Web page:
Cross-Border Conversions

In the new regulations, cross-border conversions are defined as “an operation whereby a company, without being dissolved or wound up or going into liquidation, converts the legal form under which it is registered in a departure jurisdiction into a legal form of the destination jurisdiction, as listed in Annex II of Directive 2017/1132/EU, and transfers at least its registered office to the destination jurisdiction, while retaining its legal personality.”

The effects of a cross-border conversion are similar to those of re-domiciliations implemented in accordance with the Continuation of Companies Regulations (S.L. 386.05 of the Laws of Malta). Indeed, re-domiciliations into and out of Malta to certain EU and non-EU jurisdictions which permit such re-domiciliations have been a regular occurrence since the introduction of the Continuation of Companies Regulations. However, as practitioners, we have often come across situations where companies were unable to move across EU borders due to the lack of a legislative framework permitting cross-border mobility in certain Member States. The transposition of the Directive will address this lacuna and facilitate movement across borders via cross-border conversions.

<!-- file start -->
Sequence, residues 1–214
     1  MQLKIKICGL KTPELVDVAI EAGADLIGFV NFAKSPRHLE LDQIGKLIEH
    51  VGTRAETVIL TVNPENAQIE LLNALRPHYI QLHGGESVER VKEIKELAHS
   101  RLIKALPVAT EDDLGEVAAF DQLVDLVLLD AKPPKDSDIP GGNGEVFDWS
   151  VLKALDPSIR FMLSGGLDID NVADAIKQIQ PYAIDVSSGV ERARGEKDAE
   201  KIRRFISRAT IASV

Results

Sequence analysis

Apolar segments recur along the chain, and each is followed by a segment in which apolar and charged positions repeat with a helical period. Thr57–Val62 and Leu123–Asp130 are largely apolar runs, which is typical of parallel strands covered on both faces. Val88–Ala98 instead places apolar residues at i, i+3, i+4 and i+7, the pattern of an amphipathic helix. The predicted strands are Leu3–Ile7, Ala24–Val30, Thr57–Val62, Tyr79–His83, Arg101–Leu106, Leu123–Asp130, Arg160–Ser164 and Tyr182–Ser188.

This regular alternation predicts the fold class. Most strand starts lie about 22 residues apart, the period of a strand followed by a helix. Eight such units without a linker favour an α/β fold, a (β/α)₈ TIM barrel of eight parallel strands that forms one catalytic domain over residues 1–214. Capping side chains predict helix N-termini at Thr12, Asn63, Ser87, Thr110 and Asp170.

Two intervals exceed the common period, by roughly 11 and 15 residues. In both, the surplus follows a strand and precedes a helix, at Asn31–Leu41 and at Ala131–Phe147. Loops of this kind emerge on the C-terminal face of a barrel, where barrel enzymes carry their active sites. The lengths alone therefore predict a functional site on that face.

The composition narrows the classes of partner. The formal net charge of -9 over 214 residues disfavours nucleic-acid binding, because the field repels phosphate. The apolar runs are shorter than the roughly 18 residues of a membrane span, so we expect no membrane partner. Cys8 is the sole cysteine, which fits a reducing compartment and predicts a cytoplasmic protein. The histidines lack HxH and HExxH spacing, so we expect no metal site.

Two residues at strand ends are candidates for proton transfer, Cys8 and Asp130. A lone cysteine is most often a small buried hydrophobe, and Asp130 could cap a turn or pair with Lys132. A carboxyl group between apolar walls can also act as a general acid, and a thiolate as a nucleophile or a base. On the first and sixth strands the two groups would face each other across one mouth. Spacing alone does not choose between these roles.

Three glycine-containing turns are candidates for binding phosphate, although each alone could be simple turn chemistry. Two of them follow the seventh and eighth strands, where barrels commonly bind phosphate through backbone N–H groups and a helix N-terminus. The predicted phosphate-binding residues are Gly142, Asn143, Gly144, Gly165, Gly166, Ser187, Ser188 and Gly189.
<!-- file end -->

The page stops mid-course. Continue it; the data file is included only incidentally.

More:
It is to be noted that following the publication of the Cross-Border Conversions Regulations, the Continuation of Companies Regulations remain in force. This means that companies are being given an additional method through which they may seek to move into/out of Malta. The method chosen will most likely depend on whether the foreign jurisdiction permits the continuation/conversion process to take place in terms of the Continuation of Companies Regulations or the Cross-Border Conversion Regulations.

Cross-Border Divisions

The Cross-Border Divisions Regulations, introduce three forms of cross-border division, namely full division, partial division and division by separation of companies. In all three forms of cross-border division, the recipient company/ies must be newly formed companies. This is unlike what we are accustomed to when implementing divisions under the provisions of the Companies Act (Chapter 386 of the Laws of Malta) where the recipient company/ies may either be newly formed companies or existing companies. Indeed, this was a conscious decision taken by the EU Commission as it was deemed that allowing for existing companies to be recipient companies would prove to be overly complex. Having said that the EU Commission has not excluded the possibility of introducing cross-border divisions with existing companies being recipient companies in the future.